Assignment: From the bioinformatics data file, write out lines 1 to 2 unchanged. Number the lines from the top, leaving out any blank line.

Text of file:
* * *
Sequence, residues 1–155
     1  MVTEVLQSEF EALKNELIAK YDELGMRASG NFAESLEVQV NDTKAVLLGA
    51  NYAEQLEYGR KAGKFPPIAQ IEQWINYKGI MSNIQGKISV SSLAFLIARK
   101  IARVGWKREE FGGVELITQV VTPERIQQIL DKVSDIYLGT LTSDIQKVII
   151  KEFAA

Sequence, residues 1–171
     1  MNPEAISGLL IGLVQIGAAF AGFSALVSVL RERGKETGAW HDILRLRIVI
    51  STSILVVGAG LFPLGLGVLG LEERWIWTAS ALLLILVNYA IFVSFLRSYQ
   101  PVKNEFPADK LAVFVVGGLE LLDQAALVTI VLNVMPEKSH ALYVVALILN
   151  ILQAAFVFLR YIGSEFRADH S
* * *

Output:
Sequence, residues 1–155
     1  MVTEVLQSEF EALKNELIAK YDELGMRASG NFAESLEVQV NDTKAVLLGA